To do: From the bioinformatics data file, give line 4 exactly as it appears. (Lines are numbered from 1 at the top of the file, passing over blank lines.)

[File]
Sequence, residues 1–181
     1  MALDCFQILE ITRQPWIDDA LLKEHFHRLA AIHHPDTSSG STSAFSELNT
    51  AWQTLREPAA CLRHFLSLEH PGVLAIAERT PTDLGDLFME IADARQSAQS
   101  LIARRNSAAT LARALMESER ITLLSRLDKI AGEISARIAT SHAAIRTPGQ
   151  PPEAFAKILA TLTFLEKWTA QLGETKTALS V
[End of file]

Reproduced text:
   101  LIARRNSAAT LARALMESER ITLLSRLDKI AGEISARIAT SHAAIRTPGQ